Ultrasonic Guided-wave (UGW) testing of pipelines allows long-range assessment of pipe integrity from a single point of inspection. This technology uses a number of arrays of transducers separated by a distance from each other to generate a single axisymmetric (torsional) wave mode. The location of anomalies in the pipe is determined by inspectors using the received signal. Guided-waves are multimodal and dispersive. In practical tests, nonaxisymmetric waves are also received due to the nonideal testing conditions, such as presence of variable transfer function of transducers. These waves are considered as the main source of noise in the guided-wave inspection of pipelines. In this paper, we propose a method to exploit the differences in the power spectrum of the torsional wave and flexural waves, in order to detect the torsional wave, leading to the defect location. The method is based on a sliding moving window, where in each iteration the signals are normalised and their power spectra are calculated. Each power spectrum is compared with the previously known spectrum of excitation sequence. Five binary conditions are defined; all of these need to be met in order for a window to be marked as defect signal. This method is validated using a synthesised test case generated by a Finite Element Model (FEM) as well as real test data gathered from laboratory trials. In laboratory trials, three different pipes with defects sizes of 4%, 3% and 2% cross-sectional area (CSA) material loss were evaluated. In order to find the optimum frequency, the varying excitation frequency of 30 to 50 kHz (in steps of 2 kHz) were used. The results demonstrate the capability of this algorithm in detecting torsional waves with low signal-to-noise ratio (SNR) without requiring any change in the excitation sequence. This can help inspectors by validating the frequency response of the received sequence and give more confidence in the detection of defects in guided-wave testing of pipelines.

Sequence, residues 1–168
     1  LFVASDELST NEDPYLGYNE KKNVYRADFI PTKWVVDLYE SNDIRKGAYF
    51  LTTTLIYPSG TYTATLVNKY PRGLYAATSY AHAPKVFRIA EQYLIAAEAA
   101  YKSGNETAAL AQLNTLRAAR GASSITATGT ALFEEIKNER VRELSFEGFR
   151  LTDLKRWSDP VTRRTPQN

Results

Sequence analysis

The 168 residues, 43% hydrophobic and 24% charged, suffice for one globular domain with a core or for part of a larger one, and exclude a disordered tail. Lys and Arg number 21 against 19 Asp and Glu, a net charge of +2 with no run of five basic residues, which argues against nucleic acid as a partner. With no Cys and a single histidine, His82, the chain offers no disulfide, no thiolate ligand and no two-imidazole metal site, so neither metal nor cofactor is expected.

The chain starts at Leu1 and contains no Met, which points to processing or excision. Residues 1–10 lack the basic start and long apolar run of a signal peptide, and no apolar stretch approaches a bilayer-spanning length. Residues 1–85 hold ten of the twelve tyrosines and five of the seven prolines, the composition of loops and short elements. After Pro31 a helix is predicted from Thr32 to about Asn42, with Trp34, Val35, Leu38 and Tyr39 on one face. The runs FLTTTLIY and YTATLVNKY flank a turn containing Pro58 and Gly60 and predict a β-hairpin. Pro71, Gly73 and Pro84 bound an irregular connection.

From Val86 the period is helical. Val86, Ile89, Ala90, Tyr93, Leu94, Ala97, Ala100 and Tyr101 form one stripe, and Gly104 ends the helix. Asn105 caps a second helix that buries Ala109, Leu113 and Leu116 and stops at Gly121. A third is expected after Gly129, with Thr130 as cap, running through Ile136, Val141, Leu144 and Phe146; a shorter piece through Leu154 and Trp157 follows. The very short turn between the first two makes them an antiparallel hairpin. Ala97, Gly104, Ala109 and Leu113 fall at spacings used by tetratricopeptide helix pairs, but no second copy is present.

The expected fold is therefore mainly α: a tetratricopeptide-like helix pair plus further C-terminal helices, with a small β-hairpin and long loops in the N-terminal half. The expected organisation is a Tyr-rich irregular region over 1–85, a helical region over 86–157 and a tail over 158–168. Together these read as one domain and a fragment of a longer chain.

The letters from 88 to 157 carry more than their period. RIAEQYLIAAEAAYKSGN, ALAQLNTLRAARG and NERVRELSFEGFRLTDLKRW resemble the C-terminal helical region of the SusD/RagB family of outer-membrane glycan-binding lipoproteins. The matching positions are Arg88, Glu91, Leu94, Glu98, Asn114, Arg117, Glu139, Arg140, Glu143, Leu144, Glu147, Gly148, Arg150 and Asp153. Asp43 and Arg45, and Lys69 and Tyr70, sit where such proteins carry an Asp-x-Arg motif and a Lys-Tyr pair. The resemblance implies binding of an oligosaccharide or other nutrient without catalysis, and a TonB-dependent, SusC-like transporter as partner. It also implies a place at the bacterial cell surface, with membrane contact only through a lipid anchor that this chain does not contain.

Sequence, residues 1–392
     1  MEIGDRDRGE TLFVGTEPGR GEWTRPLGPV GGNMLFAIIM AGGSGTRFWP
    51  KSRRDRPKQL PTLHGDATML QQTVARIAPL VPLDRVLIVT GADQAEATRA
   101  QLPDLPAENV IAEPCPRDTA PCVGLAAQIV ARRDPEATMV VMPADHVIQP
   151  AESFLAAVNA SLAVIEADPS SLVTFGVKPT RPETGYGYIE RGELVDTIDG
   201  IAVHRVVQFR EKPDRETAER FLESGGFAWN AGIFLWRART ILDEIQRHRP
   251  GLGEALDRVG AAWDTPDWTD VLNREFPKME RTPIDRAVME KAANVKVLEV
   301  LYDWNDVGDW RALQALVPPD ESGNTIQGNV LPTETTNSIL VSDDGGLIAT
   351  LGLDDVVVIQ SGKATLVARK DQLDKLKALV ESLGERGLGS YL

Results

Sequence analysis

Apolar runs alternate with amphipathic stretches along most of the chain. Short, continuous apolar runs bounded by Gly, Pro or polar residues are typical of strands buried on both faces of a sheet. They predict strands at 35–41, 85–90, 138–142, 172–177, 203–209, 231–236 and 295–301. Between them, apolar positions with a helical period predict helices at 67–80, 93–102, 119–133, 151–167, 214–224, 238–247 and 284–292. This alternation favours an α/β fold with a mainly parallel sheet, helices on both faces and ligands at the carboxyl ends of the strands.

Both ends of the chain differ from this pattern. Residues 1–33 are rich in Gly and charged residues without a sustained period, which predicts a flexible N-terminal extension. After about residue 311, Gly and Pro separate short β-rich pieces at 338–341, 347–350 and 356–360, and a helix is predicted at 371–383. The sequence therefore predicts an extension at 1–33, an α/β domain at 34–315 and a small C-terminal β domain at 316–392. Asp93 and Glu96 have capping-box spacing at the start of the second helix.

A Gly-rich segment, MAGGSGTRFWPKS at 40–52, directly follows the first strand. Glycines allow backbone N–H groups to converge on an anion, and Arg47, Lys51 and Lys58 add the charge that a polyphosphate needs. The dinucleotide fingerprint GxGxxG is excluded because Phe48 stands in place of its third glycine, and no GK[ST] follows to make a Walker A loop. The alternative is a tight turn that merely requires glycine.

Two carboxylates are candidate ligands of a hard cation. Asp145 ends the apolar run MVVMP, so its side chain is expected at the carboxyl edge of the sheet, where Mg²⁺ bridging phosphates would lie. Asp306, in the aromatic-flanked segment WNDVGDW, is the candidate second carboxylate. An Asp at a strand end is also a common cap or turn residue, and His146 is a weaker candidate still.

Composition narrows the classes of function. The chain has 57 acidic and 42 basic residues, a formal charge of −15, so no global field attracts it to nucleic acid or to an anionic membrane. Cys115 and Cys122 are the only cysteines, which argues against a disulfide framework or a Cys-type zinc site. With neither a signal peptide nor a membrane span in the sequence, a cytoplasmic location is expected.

Document type: Article
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